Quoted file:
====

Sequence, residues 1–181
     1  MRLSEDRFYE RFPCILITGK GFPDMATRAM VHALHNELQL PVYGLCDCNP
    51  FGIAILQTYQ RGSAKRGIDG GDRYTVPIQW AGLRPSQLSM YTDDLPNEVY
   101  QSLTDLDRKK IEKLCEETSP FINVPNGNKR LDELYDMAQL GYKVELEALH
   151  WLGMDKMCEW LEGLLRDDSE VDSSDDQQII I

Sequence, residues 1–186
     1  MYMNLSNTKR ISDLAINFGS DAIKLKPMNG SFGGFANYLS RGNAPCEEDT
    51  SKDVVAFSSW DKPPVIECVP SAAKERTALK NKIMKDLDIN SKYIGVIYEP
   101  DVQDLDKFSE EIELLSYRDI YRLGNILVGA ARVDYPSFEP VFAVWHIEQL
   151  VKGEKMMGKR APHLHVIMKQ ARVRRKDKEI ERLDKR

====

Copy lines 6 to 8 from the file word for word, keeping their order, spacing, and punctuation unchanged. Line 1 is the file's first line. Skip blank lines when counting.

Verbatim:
Sequence, residues 1–186
     1  MYMNLSNTKR ISDLAINFGS DAIKLKPMNG SFGGFANYLS RGNAPCEEDT
    51  SKDVVAFSSW DKPPVIECVP SAAKERTALK NKIMKDLDIN SKYIGVIYEP